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    No convention: Recognition and enforcement of non-EU courts' judgements in the Netherlands

    Under Dutch law, enforcement of foreign judgements is only possible where a convention between the Netherlands and the foreign country provides for it or if the judgement was rendered by a court in a Member State of the EU. There are many countries which have no convention with the Netherlands on the enforcement and recognition of judgements, e.g. Japan, United States and Russia. 

    The present article creates an overview of the legal procedure of the recognition and enforcement of a judgement rendered outside the EU in case where there is no governing convention.

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    1. How can foreign courts' judgements be recognized and enforced in the Netherlands?

    Judgments from non-EU countries (the 'third countries') can only be enforced in the Netherlands if there is a convention between the Netherlands and the foreign country concerned.Otherwise, the claimant must relitigate his case in the Netherlands in order to obtain a binding and enforceable judgement. However, if certain conditions are met, the claimant can initiate a simplified procedure ("disguised exequatur procedure") in order to seek a binding and enforceable Dutch judgement with the same content as the foreign decision, without litigating on the merits of the case. Although such procedure does not formally guarantee the recognition and enforcement of the foreign judgement, in practice it gives a binding effect to the third counties' decision in the Netherlands.

    Otherwise, this disguised exequatur procedure is similar to any other civil procedure. It is initiated by the claimant's petition, it is composed of the parties' submissions and often a hearing and it results in a judgement which can be appealed at the second instance.

    2. For what judgements can a disguised exequatur procedure be initiated?

    Disguised exequatur procedures can be used for any enforceable foreign judgements, whether they are condemnatory, constitutive or declaratory.

    3. When can a third country's judgement be recognized in the disguised exequatur procedure?

    In the context of a disguised exequatur procedure, the interested party should submit the following: (i) an authentic copy of the judgement; (ii) legal opinion confirming enforceability of the judgement in the country of origin; and (iii) an official translation and legalization of the documents if it is required by the court.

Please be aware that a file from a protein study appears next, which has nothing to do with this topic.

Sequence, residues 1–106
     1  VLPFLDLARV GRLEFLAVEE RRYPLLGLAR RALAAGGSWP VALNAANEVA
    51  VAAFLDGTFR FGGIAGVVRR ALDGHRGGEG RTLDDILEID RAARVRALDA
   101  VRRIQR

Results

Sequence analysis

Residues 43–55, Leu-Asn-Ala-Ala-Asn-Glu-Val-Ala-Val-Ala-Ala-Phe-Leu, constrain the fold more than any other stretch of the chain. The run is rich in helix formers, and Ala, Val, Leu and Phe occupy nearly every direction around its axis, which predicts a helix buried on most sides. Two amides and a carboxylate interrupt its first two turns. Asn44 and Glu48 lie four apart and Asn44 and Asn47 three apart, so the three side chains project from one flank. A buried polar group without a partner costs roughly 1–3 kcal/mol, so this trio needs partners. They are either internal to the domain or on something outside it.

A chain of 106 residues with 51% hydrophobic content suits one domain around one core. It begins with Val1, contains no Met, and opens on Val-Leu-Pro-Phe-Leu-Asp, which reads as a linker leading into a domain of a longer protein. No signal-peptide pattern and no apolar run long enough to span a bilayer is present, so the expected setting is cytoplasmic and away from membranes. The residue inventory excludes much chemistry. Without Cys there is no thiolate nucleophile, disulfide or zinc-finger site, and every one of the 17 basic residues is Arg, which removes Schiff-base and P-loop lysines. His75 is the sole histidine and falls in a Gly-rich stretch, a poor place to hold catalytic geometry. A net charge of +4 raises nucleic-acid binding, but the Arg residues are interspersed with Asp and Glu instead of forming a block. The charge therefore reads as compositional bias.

Furthermore, the court will only follow the third country's judgement if the following substantive requirements are met:

    1. the foreign court’s jurisdiction is based on an internationally accepted ground;
    2. the principle of due process was not violated in the proceeding that resulted in the foreign judgement;
    3. the foreign judgement was rendered in judicial proceeding that met the requirements of and included safeguards for the proper administration of justice;
    4. the recognition of the foreign judgement would not contravene the Dutch public order;
    5. the foreign judgement is compatible with any judgement rendered by a court in a matter between the same parties or with any earlier judgement by a foreign court in a matter between those same parties in a dispute regarding the same issue and the same cause, subject to the provision that such earlier judgement is eligible for recognition in the Netherlands;
    6. the foreign judgement, by its terms, is already and still enforceable.

    If the foreign judgment satisfies these formal and substantive conditions, the Dutch court will not review the foreign judgment on its merits and will render a judgment, which will incorporate the reasoning and the decisions of the foreign judgment. Otherwise the claim will have to be relitigated before the Dutch court which – in that case – will decide on the merits of the case irrespective of the findings of the foreign decision. However, even in the case of re-litigation, the Dutch court may nevertheless recognize some aspect of the foreign judgement as evidence of certain issues before the Dutch court.

    This article is written to provide general information and does not constitute legal advice.

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